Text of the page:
The Canadian government has come to an agreement with streaming giant Netflix, Inc. (NASDAQ:NFLX) to invest $500 million to produce original Canadian content. This comes after some voices had called for a tax on Netflix and other U.S. streaming providers, which was rejected by the Liberal government. Companies like Netflix fall under a CRTC exemption, which avoids Canadian content stipulations.
There has been increasing concern that consumers turning to these new services could freeze out Canadian content that is mandatory on traditional media like cable television and radio. Netflix, for example, is estimated to be used in over five million Canadian homes. Facebook Inc. and Amazon.com, Inc. are also making massive investments to produce original content to compete with premium creators like Netflix and HBO.
This new measure may ease concerns of a lack of Canadian content for some, but what about traditional Canadian media? With this investment and more to come, will evolving consumers bury these providers?
Corus Entertainment Inc. (TSX:CJR.B) stock is down 5.4% month over month as of close on October 3. The Toronto-based media and broadcasting company owns Global Television Network, specialty channels like YTV, Disney Channel, Nickelodeon, and others. Many of its specialty channels serve as content for children, but even very young generations are moving away from traditional mediums to streaming on popular devices.
In August, Walt Disney Co announced that it would pull much its content from Netflix to launch its own streaming service. The company stated that it would avoid pulling Marvel content, which would seem to suggest a focus on younger demographics with old and new Disney content. This should make traditional providers like Corus nervous for the future. Much of its recent growth has been due to larger acquisitions, and its concentration on a younger demographic could clip its wings and its 8% dividend yield.
Founder of Quebecor, Inc. (TSX:QBR.B) Karl Péladeau has been vocal about the new deal with Netflix. He said that Canadian policy has effectively subsidized digital giants like Netflix and Amazon and seemingly advocated for the aforementioned sales tax. Though this criticism fell on deaf ears federally, the Quebec government has swiftly responded.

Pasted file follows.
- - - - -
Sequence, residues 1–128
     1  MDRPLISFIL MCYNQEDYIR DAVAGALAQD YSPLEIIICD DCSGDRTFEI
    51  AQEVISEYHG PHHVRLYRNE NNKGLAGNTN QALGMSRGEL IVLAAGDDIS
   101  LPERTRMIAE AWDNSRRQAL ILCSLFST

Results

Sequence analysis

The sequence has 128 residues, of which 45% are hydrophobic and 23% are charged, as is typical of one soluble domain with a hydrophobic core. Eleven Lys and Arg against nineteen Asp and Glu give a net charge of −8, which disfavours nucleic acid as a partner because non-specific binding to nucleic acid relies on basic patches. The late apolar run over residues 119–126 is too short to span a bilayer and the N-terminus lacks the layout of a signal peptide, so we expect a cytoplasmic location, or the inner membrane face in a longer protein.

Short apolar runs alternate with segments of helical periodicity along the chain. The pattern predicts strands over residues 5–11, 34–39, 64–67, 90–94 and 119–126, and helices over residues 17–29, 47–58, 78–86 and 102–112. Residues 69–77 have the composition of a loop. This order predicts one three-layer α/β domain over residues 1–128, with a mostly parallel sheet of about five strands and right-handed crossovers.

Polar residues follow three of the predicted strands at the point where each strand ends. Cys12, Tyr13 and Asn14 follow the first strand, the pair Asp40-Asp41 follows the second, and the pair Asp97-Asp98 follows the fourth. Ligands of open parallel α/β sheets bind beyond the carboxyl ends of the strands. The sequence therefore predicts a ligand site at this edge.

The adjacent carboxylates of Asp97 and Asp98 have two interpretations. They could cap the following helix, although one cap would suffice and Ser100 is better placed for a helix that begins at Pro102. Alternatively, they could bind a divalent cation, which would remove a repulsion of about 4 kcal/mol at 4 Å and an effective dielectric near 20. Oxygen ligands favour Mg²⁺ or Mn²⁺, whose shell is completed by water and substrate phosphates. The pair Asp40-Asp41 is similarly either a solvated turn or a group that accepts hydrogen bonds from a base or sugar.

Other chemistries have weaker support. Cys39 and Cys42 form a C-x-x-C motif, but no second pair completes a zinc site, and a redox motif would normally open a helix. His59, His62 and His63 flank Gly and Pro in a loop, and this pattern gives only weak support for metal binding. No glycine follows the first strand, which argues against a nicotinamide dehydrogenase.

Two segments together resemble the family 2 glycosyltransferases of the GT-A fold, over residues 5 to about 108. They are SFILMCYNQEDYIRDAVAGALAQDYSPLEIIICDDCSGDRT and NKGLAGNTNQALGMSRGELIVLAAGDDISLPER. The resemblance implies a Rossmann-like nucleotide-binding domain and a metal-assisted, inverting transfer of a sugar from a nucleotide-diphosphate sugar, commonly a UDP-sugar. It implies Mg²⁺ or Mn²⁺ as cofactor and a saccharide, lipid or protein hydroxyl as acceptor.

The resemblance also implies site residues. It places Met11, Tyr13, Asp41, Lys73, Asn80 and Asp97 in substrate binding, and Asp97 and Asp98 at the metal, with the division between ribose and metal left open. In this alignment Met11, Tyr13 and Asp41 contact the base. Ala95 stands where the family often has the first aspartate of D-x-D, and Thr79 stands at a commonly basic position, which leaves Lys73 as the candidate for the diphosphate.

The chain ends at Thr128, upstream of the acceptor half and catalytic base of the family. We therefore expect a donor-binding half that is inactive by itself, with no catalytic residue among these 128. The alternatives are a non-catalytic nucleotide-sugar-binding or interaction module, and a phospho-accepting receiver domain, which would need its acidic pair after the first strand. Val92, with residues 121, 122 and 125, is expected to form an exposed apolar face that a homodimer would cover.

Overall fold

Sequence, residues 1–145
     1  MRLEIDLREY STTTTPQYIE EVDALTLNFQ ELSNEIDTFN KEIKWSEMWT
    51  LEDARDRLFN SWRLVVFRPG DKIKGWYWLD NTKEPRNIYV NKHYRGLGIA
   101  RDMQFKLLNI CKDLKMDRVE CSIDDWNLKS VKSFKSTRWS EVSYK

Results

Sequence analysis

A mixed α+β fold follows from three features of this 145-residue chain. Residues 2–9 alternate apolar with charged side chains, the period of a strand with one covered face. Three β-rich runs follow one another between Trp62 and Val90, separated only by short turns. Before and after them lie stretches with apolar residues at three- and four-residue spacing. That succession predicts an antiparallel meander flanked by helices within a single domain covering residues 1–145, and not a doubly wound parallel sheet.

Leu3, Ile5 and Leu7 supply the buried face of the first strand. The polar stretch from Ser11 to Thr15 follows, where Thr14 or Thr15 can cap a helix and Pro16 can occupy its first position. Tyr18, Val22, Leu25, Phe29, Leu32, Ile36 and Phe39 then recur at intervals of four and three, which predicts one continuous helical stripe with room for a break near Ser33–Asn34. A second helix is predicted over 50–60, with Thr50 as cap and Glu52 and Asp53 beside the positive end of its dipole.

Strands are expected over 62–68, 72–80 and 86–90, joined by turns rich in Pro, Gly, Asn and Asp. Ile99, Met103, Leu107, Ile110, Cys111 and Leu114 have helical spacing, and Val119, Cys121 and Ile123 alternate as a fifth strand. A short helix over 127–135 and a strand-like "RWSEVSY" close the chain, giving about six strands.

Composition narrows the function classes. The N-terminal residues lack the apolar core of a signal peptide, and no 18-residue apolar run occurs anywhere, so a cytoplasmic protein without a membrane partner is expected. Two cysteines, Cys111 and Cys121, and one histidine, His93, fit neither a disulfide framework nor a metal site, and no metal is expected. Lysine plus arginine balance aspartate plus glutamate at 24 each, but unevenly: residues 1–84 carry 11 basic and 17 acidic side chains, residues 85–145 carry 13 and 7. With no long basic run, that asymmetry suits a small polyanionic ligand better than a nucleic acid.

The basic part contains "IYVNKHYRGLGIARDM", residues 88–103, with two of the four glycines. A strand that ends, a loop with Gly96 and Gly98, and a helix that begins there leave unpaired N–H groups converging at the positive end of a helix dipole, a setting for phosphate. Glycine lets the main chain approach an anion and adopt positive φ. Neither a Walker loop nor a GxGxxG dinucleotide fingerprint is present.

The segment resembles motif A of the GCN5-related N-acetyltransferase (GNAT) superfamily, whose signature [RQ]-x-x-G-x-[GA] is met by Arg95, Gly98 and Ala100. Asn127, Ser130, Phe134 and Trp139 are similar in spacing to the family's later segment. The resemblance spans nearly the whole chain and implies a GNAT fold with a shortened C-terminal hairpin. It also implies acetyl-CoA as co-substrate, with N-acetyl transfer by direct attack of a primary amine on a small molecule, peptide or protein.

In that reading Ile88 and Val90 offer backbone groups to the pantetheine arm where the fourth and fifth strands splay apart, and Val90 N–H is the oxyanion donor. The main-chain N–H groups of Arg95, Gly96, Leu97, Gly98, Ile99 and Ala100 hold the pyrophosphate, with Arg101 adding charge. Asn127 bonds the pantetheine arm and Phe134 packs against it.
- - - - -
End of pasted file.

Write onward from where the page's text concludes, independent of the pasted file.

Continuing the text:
On October 3, Quebec finance minister Carlos Leitao declared that the province would seek to impose a sales tax on Netflix. The federal government deal received a good deal of criticism from the Quebec government, business leaders, and cultural and arts groups. Critics said the deal did not provide enough requirements for French-language content and gave Netflix an advantage over domestic competitors.
Quebecor stock has increased 27% in 2017 and 19% year over year. The company released second-quarter results on August 10, and revenues jumped 4% to $1.03 billion, while operating income climbed 9.7%. The broadcasting business made up a 121.7% increase to contribute to operating income.
I like Quebecor to continue its robust growth with provincial support. Corus, however, is likely to face threats to its growth potential and dividend yield as streaming services become more prevalent in Canadian households.
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Fool contributor Ambrose O'Callaghan has no position in any stocks mentioned. David Gardner owns shares of Facebook, Netflix, and Walt Disney. Tom Gardner owns shares of Facebook and Netflix. The Motley Fool owns shares of Facebook, Netflix, and Walt Disney. Walt Disney is a recommendation of Stock Advisor Canada.